TOSCA D1 report call centre inventory - Introduction 32
industries in the 1980s they were often staffed by transferring workers from high street
branches who brought this tradition with them.
In addition, the UK has a number of well-organised call centres in the public sector, for
instance, in the Inland Revenue (tax collection) service and in some branches of local
government. Recent moves in the UK to provide many of its public services through call
centres (such as the NHS Direct health advice line) also build on existing trade union
structures in the services concerned. This has lead to the creation of a body of call centres
within the context of unionized public sector employment. Nevertheless, there remain large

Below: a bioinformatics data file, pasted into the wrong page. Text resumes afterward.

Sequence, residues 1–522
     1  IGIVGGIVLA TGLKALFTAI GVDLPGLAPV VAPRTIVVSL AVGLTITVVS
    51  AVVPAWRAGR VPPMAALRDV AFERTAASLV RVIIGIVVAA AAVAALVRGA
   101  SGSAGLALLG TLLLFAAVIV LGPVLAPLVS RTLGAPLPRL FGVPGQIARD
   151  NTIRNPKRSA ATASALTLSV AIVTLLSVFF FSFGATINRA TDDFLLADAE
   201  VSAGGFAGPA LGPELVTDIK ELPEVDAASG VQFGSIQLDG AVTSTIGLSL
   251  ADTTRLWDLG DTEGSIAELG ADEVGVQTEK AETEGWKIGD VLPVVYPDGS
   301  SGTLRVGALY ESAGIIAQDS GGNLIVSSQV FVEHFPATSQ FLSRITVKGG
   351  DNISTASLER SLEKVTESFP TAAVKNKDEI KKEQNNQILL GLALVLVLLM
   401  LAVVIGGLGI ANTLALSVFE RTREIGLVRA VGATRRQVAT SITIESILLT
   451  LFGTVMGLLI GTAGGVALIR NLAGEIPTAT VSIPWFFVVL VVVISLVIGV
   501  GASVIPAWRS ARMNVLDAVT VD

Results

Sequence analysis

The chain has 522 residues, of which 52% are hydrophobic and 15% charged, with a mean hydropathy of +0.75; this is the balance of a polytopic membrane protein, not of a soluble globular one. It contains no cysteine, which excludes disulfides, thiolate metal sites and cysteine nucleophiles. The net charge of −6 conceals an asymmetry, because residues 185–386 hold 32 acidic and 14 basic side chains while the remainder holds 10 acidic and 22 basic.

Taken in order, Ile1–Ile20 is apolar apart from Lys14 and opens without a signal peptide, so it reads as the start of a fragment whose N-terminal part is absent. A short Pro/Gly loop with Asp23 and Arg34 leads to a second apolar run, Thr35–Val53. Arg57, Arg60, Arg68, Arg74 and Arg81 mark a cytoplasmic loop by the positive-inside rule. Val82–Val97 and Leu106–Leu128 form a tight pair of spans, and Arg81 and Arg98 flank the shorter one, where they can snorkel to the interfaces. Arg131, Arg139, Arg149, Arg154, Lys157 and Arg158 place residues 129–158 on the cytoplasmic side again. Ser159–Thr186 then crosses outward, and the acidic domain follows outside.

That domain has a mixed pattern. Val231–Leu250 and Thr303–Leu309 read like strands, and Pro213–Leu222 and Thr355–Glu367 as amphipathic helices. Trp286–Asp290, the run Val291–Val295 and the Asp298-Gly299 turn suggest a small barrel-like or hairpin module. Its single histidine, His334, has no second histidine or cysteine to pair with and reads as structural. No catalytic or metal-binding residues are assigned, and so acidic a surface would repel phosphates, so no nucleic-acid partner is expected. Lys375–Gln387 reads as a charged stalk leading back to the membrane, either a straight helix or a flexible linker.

numbers of call centres which have no union recognition or representation. These include
many customer service, sales, and technical support call centres, most outsourced call centres
and many in travel, catering and other leisure industries.
In order to address this problem, and recognizing the high mobility of call centre workers
from one company to another, as well as the many different unions which represent workers
in a sector which cuts across traditional industry boundaries, UK unions have also created a
‘portable membership’ that call centre workers can take with them from one centre to
At the annual Trade Union Congress in September 2000, unions agreed to work together and
campaign for improvements in call centre working conditions. Thus information on health
and safety issues and on union organizing and representation gleaned from the UK case
studies will be of particular interest.
Case study selection
Details of the selection of call centres for case studies, and the reasons behind each choice, are
given at the end of each country report.
TOSCA D1 report call centre inventory - Introduction 33